Incorporation of acrylate based spiropyran monoliths in micro-fluidic devices for photo-controlled electroosmotic flow
Scarmagnani, Silvia and Walsh, Zarah and Benito-Lopez, Fernando and Macka, Mirek and Paull, Brett and Diamond, Dermot (2010) Incorporation of acrylate based spiropyran monoliths in micro-fluidic devices for photo-controlled electroosmotic flow. In: CIMTEC-5th Forum on New Materials , 13-18 June 2010, Montecatini, Italy.
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Spiropyran derivatives belong to a well-known family of photochromic compounds that are able to change their physical and chemical properties under external light modulation1. Spiropyran can switch between a non-polar spiro form (SP) and a zwitterionic merocyanine form (MC) that can be subject to protonation.
It has been demonstrated that spiropyran based monoliths in an acidic environment (10-3 M HCl) can generate an electroosmotic flow (EOF) in the presence of an applied voltage and that the generated flow can be modulated by the means of light irradiation. The first example of a spiropyran monolith which can be used as a photo-controlled electroosmotic pump (EOP) was recently presented by Walsh et al. and it is based on a vinyl spiropyran monomer2,3. In order to investigate new spiropyran monoliths that can be applied as EOPs within a micro-fluidic chip, we now report a new monolith based on an acrylated spiropyran monomer which is particularly sensitive to protonation and in acidic environment it readily converts to the protonated MC (MC-H+) form which produces a highly positively charged surface that can be re-converted to the uncharged SP form by white light exposure4.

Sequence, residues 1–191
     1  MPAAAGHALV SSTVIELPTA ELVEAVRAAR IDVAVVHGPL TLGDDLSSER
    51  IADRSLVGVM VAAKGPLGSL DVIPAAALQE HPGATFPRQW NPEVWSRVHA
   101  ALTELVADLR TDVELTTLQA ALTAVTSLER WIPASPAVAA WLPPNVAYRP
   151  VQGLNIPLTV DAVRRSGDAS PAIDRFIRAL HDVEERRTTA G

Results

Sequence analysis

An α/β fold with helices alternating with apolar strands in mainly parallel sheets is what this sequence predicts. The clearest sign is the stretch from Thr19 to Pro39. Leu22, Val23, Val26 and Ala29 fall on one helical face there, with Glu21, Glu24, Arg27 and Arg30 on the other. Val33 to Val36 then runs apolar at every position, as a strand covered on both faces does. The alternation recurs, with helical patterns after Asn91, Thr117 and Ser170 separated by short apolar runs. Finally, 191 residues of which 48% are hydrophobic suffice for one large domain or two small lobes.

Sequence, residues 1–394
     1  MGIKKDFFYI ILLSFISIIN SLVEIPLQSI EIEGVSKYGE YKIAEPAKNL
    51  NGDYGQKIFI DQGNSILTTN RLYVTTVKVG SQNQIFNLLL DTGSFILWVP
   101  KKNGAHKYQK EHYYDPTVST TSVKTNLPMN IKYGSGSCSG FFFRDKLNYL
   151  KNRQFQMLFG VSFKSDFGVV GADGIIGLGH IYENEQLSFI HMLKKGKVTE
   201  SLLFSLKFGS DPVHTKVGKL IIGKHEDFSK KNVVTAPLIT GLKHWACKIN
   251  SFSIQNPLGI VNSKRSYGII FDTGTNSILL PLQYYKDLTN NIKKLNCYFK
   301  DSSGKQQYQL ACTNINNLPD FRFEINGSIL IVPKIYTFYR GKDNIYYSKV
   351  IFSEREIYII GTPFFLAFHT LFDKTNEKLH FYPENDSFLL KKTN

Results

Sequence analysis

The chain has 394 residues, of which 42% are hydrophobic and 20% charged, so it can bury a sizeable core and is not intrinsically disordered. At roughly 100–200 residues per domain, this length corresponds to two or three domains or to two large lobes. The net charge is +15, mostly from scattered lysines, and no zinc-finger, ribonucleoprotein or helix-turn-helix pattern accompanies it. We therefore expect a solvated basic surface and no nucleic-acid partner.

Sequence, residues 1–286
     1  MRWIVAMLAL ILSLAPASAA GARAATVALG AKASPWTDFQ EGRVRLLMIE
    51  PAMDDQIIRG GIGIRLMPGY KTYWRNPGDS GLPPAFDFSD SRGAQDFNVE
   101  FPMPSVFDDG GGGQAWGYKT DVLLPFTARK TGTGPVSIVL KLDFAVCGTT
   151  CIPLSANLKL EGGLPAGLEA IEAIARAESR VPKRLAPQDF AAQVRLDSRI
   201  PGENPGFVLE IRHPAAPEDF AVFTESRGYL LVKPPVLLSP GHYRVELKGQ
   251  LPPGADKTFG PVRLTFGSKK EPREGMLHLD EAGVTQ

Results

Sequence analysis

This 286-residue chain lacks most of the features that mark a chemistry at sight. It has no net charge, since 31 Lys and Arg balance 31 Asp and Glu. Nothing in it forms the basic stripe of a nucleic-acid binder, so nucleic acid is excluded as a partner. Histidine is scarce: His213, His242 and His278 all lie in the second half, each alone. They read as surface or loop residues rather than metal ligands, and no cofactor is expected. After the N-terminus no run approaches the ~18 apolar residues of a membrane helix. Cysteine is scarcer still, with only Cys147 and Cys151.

In the presence of 10-3 M HCl, the MC-H+ form is generated and it produces a highly charged surface which enables a relatively high flow rate (up to 1.6 μl/min), under electroosmotic conditions, due to the more effective formation of the necessary charged double layer. When the monolith is then exposed to white light, the concentration of MC-H+ form decreases due to the conversion back to the neutral SP form with a consequent 10 % to 19 % reduction of the EOF. The process is reversible and removal of the light source results in a flow increase.
Clearly this spiropyran monolith can act as an EOP, in which the flow can be modulated to some degree through the presence or absence of light. This ability to profoundly alter such properties using light has very significant implications for science, as it could lead to the development of a control over column retention or liquid flow using light.
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